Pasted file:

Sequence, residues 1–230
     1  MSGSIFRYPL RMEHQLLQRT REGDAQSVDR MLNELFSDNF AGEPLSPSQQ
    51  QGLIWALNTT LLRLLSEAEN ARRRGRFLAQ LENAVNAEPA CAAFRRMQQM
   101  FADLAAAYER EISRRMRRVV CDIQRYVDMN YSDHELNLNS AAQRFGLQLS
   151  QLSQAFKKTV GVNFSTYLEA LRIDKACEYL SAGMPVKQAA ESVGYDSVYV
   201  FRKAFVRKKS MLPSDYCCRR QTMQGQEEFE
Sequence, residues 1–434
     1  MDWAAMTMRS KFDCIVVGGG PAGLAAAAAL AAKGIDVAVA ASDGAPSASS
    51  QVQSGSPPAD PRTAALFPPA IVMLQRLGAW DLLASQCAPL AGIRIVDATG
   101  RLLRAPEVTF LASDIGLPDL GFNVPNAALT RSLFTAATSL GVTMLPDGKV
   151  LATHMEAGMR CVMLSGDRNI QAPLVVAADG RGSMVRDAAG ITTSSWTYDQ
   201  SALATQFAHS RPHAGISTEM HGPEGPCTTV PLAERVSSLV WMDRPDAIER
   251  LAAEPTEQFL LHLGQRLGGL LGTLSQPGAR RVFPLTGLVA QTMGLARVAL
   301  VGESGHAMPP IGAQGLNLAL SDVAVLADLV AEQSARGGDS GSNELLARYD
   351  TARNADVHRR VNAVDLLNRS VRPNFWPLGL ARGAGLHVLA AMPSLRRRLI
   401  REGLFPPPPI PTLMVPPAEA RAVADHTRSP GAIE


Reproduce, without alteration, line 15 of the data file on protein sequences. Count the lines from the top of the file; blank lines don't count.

   351  TARNADVHRR VNAVDLLNRS VRPNFWPLGL ARGAGLHVLA AMPSLRRRLI